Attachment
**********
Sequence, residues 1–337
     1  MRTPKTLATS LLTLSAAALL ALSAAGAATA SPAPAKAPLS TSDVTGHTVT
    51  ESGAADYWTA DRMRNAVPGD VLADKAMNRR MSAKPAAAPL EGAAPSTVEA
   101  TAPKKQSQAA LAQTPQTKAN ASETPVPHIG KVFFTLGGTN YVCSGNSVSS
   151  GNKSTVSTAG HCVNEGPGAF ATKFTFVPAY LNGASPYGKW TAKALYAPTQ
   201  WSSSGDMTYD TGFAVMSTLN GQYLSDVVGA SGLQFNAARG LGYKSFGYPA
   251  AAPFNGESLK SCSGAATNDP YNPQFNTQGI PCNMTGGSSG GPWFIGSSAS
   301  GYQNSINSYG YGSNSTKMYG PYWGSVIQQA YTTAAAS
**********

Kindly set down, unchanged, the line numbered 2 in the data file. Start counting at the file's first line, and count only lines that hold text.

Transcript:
     1  MRTPKTLATS LLTLSAAALL ALSAAGAATA SPAPAKAPLS TSDVTGHTVT